They were desperate for a star, believing the tankathon had produced so much suffering it had to be something on the back end.

There was the fight (or the punch).

The aftermath.

The miserable 3-20 start.

The 14-7 streak that produced the audacity of hope.

The reality that 14-7 was damaging enough to the lottery chances that a 3-11 finish couldn’t rectify.

And finally, the coin flip that cost them five spots in the lottery one month ago.

So that empty feeling has less to do with Carter and Hutchison, who’ve done nothing to earn the “blah” reaction from the fan base and some media. It has everything to do with the unanswered questions over the last 82 games and lack of clarity over the three hauls from draft night last year.

It’s not that Zach LaVine, Lauri Markkanen and Kris Dunn underperformed individually last season, but the lack of cohesiveness due to injuries and circumstances has led to the varying thoughts.

LaVine is approaching restricted free agency and by all accounts is taking his continuing rehab in Washington very seriously.  Markkanen has added plenty of muscle since the offseason began, appearing as if he can play Michael B. Jordan’s in-ring foil in the next installation of “Creed” as Ivan Drago’s long lost son.

And despite the report about Dunn not working as hard on the floor this offseason, that would be more of a concern if this were late August, not June.

The last time they were seen together on the floor, they looked no closer to a pecking order than the day they arrived.

What we know is that they’re productive NBA players, capable of putting an individual tattoo on a game at a moment’s notice, skillful enough to take your breath away.

And for whatever reason, the expectations changed once the three displayed they could be dynamic on their own—a star needed to be anointed and groomed to go with the star they believed was coming their way after the season.

Management is fully behind Markkanen, but Paxson’s strong words about LaVine at the season-ending news conference illustrated how much it feels LaVine has to prove next season.

With his restricted free agency status looming, the Bulls’ initial offer will show how much they value him until and if he gets a better deal on the market.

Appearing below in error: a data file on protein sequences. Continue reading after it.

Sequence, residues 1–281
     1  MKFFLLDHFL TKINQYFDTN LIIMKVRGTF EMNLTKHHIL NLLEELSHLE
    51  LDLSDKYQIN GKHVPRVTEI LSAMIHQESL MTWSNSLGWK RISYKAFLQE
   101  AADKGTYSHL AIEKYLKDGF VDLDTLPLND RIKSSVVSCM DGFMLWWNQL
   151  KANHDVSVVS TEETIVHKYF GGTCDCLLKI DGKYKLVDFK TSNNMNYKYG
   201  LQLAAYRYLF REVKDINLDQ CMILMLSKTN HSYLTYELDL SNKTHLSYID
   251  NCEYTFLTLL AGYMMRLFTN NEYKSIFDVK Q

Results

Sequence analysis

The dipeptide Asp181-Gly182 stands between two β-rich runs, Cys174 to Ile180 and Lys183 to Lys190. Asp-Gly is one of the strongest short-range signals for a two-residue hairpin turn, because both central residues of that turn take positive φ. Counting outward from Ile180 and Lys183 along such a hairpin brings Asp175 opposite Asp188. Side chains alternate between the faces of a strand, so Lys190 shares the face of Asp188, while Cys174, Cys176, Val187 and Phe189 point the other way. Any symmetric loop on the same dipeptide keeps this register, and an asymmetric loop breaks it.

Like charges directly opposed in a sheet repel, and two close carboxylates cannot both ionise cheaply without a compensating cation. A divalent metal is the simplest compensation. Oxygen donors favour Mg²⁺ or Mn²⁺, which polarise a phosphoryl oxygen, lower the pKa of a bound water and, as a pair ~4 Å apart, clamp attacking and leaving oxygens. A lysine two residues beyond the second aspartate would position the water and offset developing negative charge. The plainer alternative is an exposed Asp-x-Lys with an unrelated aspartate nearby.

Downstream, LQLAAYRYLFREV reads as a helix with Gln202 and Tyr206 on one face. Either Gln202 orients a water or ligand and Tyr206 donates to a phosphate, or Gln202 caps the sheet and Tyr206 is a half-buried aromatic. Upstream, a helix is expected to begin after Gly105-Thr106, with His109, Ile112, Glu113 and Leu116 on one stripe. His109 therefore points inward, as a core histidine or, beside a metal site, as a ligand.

And the fact the Bulls weren’t afraid to draft Trae Young while having a healthy debate about Collin Sexton on draft night has to show they have at least some skepticism about the future at point guard.

But stars—developing stars, acquired stars, drafted stars—have to do it on their own. No amount of promotion or prodding from management will validate their faith, if that’s the route the Bulls choose to go.

This has to be a meritocracy or it won’t work and, honestly, it’s time for a reality check.

All the worry about the Bulls getting back to title contention sooner rather than later seems like folks getting ahead of themselves.

The front office has taken its share of shots from media and fans, so some questioning is earned but they’re right about one thing. Rebuilds aren’t completed in a day or 12 months.

Expecting some magic potion to arrive in the form of a top draft pick isn’t going to cure what ills this roster, and it doesn’t seem likely all the cap space will result in a free agent choosing the Bulls over the usual suspects.

However, methodical building can look like complacency if not done with a sense of urgency.

And with urgency in mind, this past season was unsatisfying to say the least—heading into the next phase with two more young pieces to develop while the first three are still in the evaluation stage.

Loyola's March Madness hero Donte Ingram will play with Bulls' Summer League team

Loyola's March Madness hero Donte Ingram will play with Bulls' Summer League team

Donte Ingram's 2018 keeps getting better and better.

The March Madness hero, who buried a game-winning 3-pointer in the first round of Loyola's win over Miami, will play on the Bulls' Summer League team.

Ingram, a Simeon Academy graduate, had himself an incredible senior season with the Ramblers, who advanced all the way to the Final Four as a No. 11 seed.

In five NCAA Tournament games Ingram averaged 7.0 points, 5.8 rebounds and 1.6 assists for the Ramblers. He also had 18 points in the MVC Conference Championship Game to secure the Ramblers' March Madness berth.

He'll join first-round draft picks Wendell Carter Jr. and Chandler Hutchison on the Las Vegas Summer League team, which will begin play early next month.